Experiential entertainment during a pandemic? How one cool Jersey outlet (Stumpy’s) is managing

Pandemic has squeezed Stumpy’s Hatchet House, but ax-tossing business isn’t ready to throw in the towel

In the wake of Superstorm Sandy, Stuart and Kelly Josberger and another couple found a tree toppled that made a perfect target to toss axes at in a backyard. They had fun enough to want to originate locally the concept of the indoor hatchet-throwing business.

The fallout of the COVID-19 crisis, on the other hand, hasn’t lent itself to inspiring founders’ stories.

But it also hasn’t been their undoing. Stuart Josberger, an owner of Stumpy’s Hatchet House alongside his wife and the couple they initially chucked axes with, Mark and Trish Oliphant, said the business they started in Eatontown has built strong roots in the Garden State and elsewhere.

They’ll be first to admit: The once-reliable business they once aimed for — birthdays, corporate gatherings, bachelor parties — it’s all missing. They’re getting groups of two, four — sometimes, six. The 15- or 20-person money-making events haven’t existed for at least a year.

This time last year, Josberger said his company’s nationwide ax-tossing franchises were forced to go without business for several months as states tried to cut down on COVID-19’s spread. That was followed by tepid reopening plans franchisewide around August of last year.

Throwing an ax at Stumpy’s Hatchet House. (Stumpy’s Hatchet House)

“Typically, the fall and winter are our busiest times of the year, particularly in the Northeast,” he said, adding that wasn’t the case last season, as consumer activity crawled back from shutdowns.

Regardless, Josberger said he’s seeing some clear indications that people are missing some of what he calls “hatchet therapy” now. At the start of the year, Stumpy’s had an 11% increase in business across its system. And Josberger expected growth to continue in 2021.

“So, it has been slower than we would’ve liked and not as robust as in the past,” he said. “But, every day, it gets better. With news of the vaccine, and perhaps some people being sick of being housebound, we’ve seen a significant increase in business.”

The pandemic flew at them just as the indoor hatchet-throwing concept was enjoying attention as a new trend among local entertainment establishments.

Stumpy’s, of course, had been doing it for about four years prior. The business launched its flagship Eatontown location in April 2016, becoming the first of its sort in the country.

“We very quickly had a lot of people asking to be part of owning for themselves the fun, indoor recreational activity of hatchet throwing,” Josberger said. “We’re BYOB. So, a lot of times, we said: ‘You’ve had a couple beers. Give us a call in the morning.’”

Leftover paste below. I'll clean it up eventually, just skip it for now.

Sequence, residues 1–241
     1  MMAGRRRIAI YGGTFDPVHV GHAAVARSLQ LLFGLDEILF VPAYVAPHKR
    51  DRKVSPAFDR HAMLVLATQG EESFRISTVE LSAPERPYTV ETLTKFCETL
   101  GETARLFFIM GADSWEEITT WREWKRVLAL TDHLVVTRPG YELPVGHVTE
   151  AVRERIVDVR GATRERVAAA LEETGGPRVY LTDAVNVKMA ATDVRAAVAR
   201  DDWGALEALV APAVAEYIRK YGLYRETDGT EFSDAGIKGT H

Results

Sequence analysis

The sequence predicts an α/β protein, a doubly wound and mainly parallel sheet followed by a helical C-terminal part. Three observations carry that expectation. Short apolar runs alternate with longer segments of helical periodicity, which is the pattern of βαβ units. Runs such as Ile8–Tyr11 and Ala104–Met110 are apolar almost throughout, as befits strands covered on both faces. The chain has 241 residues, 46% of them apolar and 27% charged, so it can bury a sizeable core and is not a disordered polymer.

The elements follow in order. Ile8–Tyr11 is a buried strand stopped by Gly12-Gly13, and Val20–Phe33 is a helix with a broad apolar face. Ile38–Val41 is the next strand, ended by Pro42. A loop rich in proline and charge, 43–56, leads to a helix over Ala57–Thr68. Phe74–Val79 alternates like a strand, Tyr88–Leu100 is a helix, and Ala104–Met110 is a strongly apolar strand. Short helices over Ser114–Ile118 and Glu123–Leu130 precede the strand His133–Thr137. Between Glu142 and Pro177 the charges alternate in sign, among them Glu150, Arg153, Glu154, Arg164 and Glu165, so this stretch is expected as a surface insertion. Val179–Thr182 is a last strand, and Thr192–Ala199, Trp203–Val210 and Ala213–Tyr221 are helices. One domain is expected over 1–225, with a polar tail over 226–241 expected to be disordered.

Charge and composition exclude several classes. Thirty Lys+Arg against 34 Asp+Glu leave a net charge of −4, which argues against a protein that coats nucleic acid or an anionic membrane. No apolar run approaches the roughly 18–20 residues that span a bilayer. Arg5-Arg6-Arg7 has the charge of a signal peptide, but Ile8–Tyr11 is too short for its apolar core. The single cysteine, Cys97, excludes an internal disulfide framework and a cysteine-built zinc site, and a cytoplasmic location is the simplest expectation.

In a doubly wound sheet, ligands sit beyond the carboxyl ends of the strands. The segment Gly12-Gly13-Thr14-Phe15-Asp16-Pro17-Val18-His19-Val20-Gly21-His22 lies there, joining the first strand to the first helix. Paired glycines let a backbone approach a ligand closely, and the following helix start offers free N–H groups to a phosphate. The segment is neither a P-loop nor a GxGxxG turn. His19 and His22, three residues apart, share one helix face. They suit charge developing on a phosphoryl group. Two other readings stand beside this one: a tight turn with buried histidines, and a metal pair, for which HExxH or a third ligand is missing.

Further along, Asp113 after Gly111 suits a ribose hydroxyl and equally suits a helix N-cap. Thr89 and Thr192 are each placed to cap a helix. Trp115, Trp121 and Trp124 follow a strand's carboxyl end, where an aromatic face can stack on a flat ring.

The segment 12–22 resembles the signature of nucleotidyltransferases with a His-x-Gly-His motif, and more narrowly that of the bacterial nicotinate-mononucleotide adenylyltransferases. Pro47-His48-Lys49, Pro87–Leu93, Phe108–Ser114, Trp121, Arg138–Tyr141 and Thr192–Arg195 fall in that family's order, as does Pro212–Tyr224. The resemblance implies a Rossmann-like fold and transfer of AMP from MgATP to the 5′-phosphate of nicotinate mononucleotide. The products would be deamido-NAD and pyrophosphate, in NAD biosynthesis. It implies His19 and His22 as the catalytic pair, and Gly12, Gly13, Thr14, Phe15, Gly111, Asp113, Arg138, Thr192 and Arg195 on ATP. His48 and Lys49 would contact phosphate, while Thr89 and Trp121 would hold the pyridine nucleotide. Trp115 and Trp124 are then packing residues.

Sure enough, maybe after the hangover, they did call.

With what Josberger admits was only a semi-proven business model, the company began franchising the year following its launch. Today, it has sold 38 franchises across the country. About 30 are currently operational, including six in New Jersey.

Even during the pandemic, the calls are coming in. Josberger said Stumpy’s just sold a franchise at the start of March.

Just as its franchise network has grown, so has its ax-wielding competition.

“Right after we opened, a one-off opened up in South Philadelphia and then, subsequently, the two big Canadian companies came across the border,” he said. “Since then, there’s been one-offs as well as regional players that have followed the same trend. The last time I looked, there was close to 300 ax-throwing places nationwide.”

As happy as Josberger was to report that the business hasn’t had to close any locations during the pandemic, he said he’s heard of indoor hatchet-throwing businesses not surviving.

A business like Stumpy’s does have some social distancing built into the system, as the lanes aren’t set up along the wall side-by-side like a bowling alley, but instead have “pits” opposing one another. However, they still have to operate at limited capacity based on the rules of various states. In New Jersey, the cap for these venues is 35%.

And the comfort levels of those that would try their hand at hurling sharpened tools isn’t what it was before the pandemic, even if the business has invested a lot in trying to make customers feel comfortable with cleaning and sanitizing in facilities.

Any way you slice it, it’s a difficult time to be an experiential retail business.

“We had to do a combination of keeping franchisees motivated and in a good headspace and also communicating with them about resources available to them,” Josberger said. “Besides applying for (the Paycheck Protection Program), some were able to negotiate with landlords for reduced rents — others weren’t able to achieve that, but most received some abatement.”

Josberger hopes the worst is behind his fellow hatchet throwers (not that it would be wise to stand in front of them).

“People are itching to get out and do something,” he said, “so I believe the return of business is coming soon.”